If you haven’t heard of it, let me provide you with a quick introduction to the topic as the purpose of this article is to go beyond that and listen to what industry experts have to say about it. Well, people who work in the field.
Here’s a snippet from another article here on Cannabis.net by Joseph Billions;
The Hop Latent Viroid, also known as HpLVd is a single-stranded infection that depends on the metabolism of its host plant to replicate itself. This Viroid happens globally in “Hops” and can infect the hop’s relative, which is the cannabis plant.
The Viroid is also an infectious pathogen that causes diseases in the marijuana plant. It is often referred to as “Dudding disease,” and sometimes the infected plants are initially asymptomatic (doesn’t show symptoms). This infection can also be dormant in plants for an extended period, and eventually, the symptoms become evident. – Read more
The infection reduces the potency of THC which for the industry is a big deal. However, the purpose of this article is not to discuss the disease itself, but rather the origins, the theories and to tune into the conversation happening in the industry.
According to one Redditor, we can trace the problem of the viroid to greed.
It’s simply a result of an industry living on hype cycles. All those fancy strains are unstable hybrids, which gives more yield and potency, but comes at the cost of basically having to resort to cutlings from a carefully selected mother plant. Compare the root system of plants grown that way to ones grown from seed, and the difference becomes immediately obvious: that thing that looks like a little carrot missing on cutlings is incredibly important for the plant’s immune system. So, not only does the practice of propagating from a mother plant spread the virus, it spreads it to already weakened plants. Sorry, no sympathies there, it’s just the usual mix of greed and stupidity.
And it’s not only greed from growers, it starts with the seed producers. Maturing a strain to stability takes a lot longer than just banging something together for the next competition and slapping a fanciful name on it. Worse, a stable strain will not require people to buy seeds for their next mother again, you just can just produce seeds the old way yourself. Several thousands from a single run, easily. So no more selling seeds in packs of ten for vastly over-inflated prices, you’d actually have to compete on convenience.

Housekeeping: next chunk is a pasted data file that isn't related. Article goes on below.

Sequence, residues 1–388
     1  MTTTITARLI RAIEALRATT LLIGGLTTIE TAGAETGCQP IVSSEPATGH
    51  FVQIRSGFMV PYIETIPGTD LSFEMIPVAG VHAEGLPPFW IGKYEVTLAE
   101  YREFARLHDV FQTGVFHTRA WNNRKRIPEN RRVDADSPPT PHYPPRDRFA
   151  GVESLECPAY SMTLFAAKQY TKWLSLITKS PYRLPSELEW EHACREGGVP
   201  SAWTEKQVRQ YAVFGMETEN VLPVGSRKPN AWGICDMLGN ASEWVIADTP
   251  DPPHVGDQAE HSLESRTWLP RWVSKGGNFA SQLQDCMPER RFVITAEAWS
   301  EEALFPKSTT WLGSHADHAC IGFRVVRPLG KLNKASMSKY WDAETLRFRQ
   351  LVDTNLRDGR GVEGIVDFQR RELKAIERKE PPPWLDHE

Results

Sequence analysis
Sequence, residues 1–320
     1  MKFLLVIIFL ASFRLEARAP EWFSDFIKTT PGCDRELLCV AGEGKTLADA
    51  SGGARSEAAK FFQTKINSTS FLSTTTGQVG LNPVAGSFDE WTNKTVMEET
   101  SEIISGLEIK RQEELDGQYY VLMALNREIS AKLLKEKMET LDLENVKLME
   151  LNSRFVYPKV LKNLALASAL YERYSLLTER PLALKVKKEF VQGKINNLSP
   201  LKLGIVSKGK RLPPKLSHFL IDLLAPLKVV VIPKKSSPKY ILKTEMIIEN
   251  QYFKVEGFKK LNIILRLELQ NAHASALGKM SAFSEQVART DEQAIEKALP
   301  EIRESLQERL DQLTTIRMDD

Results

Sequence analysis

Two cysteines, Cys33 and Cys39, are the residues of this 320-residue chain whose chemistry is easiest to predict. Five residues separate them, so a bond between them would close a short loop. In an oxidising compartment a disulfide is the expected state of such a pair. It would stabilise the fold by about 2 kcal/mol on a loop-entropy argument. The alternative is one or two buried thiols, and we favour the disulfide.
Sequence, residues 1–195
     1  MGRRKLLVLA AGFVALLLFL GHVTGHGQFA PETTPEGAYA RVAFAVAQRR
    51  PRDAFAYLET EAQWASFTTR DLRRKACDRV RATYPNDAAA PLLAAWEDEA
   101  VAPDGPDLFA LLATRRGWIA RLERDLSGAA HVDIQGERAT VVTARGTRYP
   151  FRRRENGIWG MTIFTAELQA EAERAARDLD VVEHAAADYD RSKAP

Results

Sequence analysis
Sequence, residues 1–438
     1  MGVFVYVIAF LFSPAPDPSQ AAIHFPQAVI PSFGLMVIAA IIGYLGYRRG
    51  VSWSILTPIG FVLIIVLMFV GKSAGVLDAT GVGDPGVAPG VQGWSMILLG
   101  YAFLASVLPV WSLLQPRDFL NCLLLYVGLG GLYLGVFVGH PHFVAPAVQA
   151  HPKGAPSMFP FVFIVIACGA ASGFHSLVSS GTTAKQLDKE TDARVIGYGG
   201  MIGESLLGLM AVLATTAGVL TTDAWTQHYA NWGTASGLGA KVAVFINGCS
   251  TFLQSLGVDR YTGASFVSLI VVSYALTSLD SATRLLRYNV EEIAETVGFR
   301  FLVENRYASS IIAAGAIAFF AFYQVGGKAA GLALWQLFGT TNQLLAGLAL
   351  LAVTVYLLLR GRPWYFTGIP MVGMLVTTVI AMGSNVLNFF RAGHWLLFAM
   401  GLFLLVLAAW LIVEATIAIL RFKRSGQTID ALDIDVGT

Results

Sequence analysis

The whole industry is after the quick buck and literally reaping what they sow. – Feliz Magnetus
According to this Redditor, the reason why the viroid spread so much, and why it even became such a problem in the first place is due to greed. By trying to optimize the natural cycles and to engage in pure cloning, you destabilize the genetics and create opportunities for pathogens to go ham.
However, not everyone agrees with opinion as illustrated here;
Liquid_At claims it’s CBD;
Hop Latent Viroid primarily spread through seeds of CBD-Strains during the hype a few years ago. With a little help of pests like mites that spread to areas where they didn’t exist previously due to climate change, the viroid spread around the globe fast.
There was a lot of greed and stupidity involved, but claiming that clone manufacturers were to blame is easy to debunk. The source of the outbreak is known to be the CBD-Seed-Scene and producers of clones are victims of that.
However, while this is the opinion of a “clone producer”, another redditor chimed in with a different assessment of the root cause of the origins of the viroid.
From what I have seen hop latent’s spread in the hydro industry is multifaceted. Part of it comes from the human vectors: cutting tools not being disinfected between plants. Another part comes from the communal “foot baths” used in many hydro settings: flood trays, drip systems, etc. in which the virus spreads at the root level, partly from the higher concentration found there.